A: Adult stem cells have some advantages. When they come from your own body, your immune system will probably not try to reject them. And adult stem cells aren't controversial.
But there are several main disadvantages to using adult stem cells:
A: A relatively small number of stem cells taken from the body can be grown in the laboratory until they have created millions and millions of new stem cells. This makes it possible for researchers to explore cell-based therapies.
Cell-based therapies, collectively known as regenerative medicine, hold the promise of repairing or even replacing damaged or diseased organs.
Depending on which tissues they come from, stem cells have very different properties. Those from umbilical cord blood are quite different from those from fat, for example.
A: Yes. Stem cells from bone marrow have long been used to treat certain types of leukemia.
The bone marrow is a rich source of blood stem cells. These cells replace the white blood cells crucial to the immune system.
When used for leukemia, the goal is to to wipe out all of a person's white blood cells with radiation and/or chemotherapy -- and then to replace them with a bone marrow transplant from a matched donor. Stem cells from the donor marrow replace the diseased blood cells with healthy blood cells.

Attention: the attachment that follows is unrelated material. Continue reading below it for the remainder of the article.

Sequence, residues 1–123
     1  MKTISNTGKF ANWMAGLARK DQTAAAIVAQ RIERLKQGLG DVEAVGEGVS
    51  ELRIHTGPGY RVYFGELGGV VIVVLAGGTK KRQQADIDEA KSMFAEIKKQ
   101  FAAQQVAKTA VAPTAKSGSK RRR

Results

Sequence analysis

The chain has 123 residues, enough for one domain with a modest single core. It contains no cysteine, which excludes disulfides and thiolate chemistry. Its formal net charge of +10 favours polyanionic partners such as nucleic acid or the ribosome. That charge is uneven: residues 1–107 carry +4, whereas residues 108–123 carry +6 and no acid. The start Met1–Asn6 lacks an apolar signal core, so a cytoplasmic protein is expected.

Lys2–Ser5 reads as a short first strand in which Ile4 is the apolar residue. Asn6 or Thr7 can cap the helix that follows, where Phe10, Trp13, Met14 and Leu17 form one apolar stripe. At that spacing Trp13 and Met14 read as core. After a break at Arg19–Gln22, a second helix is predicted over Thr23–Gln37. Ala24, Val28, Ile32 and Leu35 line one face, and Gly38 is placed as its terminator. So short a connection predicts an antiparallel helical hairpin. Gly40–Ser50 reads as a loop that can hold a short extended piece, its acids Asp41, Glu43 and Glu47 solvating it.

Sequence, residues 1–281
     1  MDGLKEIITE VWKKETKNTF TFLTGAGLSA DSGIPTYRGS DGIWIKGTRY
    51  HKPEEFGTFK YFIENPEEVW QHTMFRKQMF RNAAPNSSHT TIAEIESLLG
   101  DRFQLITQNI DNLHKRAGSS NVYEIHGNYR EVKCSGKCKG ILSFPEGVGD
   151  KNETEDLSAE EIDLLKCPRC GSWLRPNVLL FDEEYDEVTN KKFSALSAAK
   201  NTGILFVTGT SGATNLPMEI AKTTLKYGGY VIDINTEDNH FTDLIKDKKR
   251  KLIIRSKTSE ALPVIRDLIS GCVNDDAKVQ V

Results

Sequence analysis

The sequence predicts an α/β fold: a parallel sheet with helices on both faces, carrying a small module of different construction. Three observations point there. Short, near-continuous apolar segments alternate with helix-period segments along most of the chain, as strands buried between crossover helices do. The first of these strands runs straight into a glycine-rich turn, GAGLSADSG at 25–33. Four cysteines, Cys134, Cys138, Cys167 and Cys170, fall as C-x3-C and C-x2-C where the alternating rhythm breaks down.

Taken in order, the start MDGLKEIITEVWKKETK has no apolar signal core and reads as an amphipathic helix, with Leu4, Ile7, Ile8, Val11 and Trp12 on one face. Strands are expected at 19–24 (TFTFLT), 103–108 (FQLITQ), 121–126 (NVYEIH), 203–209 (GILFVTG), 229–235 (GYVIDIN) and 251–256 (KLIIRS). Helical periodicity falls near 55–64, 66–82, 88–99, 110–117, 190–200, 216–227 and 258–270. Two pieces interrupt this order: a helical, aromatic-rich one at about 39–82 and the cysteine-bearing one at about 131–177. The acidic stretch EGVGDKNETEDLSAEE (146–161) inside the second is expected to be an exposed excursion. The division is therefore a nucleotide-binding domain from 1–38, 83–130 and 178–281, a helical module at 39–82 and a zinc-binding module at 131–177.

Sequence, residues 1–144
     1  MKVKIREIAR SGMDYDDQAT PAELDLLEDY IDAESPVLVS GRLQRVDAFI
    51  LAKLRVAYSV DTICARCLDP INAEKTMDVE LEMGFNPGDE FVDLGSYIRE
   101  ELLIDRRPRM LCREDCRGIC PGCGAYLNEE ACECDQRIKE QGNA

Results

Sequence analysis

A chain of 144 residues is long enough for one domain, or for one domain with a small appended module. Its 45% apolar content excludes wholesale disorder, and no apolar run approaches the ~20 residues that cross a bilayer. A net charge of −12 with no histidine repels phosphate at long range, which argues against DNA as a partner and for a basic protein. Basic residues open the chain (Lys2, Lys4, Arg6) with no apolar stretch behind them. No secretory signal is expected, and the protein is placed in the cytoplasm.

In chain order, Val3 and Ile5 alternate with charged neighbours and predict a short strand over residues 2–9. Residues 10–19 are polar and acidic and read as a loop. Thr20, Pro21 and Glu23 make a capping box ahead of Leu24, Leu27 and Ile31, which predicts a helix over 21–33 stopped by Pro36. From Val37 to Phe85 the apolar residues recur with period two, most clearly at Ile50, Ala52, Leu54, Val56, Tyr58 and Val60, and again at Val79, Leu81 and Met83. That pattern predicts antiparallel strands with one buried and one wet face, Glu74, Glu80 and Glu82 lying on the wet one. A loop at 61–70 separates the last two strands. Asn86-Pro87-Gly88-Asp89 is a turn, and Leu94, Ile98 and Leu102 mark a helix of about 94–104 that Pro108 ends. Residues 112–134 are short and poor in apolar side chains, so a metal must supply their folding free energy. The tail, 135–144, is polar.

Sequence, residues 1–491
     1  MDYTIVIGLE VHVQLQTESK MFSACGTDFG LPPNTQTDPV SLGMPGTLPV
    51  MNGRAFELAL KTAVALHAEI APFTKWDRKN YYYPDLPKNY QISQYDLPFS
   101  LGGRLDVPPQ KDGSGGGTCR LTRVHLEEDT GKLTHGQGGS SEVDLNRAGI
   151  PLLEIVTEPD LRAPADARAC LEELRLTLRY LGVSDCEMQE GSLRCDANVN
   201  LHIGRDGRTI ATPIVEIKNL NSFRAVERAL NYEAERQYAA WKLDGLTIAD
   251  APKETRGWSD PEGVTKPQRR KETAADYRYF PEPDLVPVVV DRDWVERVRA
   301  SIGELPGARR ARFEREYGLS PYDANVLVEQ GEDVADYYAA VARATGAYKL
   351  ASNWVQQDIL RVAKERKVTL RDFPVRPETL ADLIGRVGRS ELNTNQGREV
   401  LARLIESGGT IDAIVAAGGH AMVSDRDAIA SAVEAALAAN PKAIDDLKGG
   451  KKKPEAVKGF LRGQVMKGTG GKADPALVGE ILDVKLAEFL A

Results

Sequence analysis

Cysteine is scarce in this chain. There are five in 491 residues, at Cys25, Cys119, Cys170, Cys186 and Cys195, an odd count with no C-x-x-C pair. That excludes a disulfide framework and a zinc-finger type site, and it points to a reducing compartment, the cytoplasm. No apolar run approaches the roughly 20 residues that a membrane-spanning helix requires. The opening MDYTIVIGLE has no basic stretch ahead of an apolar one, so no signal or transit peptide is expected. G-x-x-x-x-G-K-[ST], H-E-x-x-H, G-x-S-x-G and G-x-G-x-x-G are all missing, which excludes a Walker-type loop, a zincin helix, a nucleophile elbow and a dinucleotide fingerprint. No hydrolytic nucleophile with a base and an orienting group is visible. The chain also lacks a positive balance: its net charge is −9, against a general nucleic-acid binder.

A stem cell product designed to avoid the need for a matched donor recently received limited approval in Canada. The product, Prochymal, appears to rescue bone marrow transplant patients who are rejecting their transplant.
In the U.S., the FDA has approved a product called Hemacord, which contains blood stem cells derived from cord blood. The product is approved for patients with diseases that affect their ability to make new blood cells, such as certain blood cancers and immune disorders.
A: That remains to be seen. Potential dangers include:
There is also risk in some of the procedures used to get stem cells out of the body (such as from liposuction or spinal tap) or to deliver stem cells to the body (such as implanting them in the heart, brain, spinal cord, or other organs). That's not so much about the stem cells, but because of the procedures themselves.
Researchers are studying all of that. Without carefully controlled clinical trials, there's no way to know what might happen in the long term, or even in the short term. That's why the FDA discourages the use of stem cells except in clinical trials or approved therapies.
If you are thinking about pursuing stem cell therapy, talk to your doctor first. In the U.S. and abroad, many clinics offer unproven stem cell treatments that have never been tested for safety or effectiveness.
Mahendra Rao, MD, PhD, director, Center for Regenerative Medicine, National Institutes of Health, Bethesda, Md.
Todd McDevitt, PhD, director, Stem Cell Engineering Center, Georgia Institute of Technology, Atlanta.
Mary Laughlin, MD, past president of the International Society for Cellular Therapy.
Joshua Hare, MD, director, Interdisciplinary Stem Cell Institute, University of Miami.
National Institutes of Health web site.
FDA web site.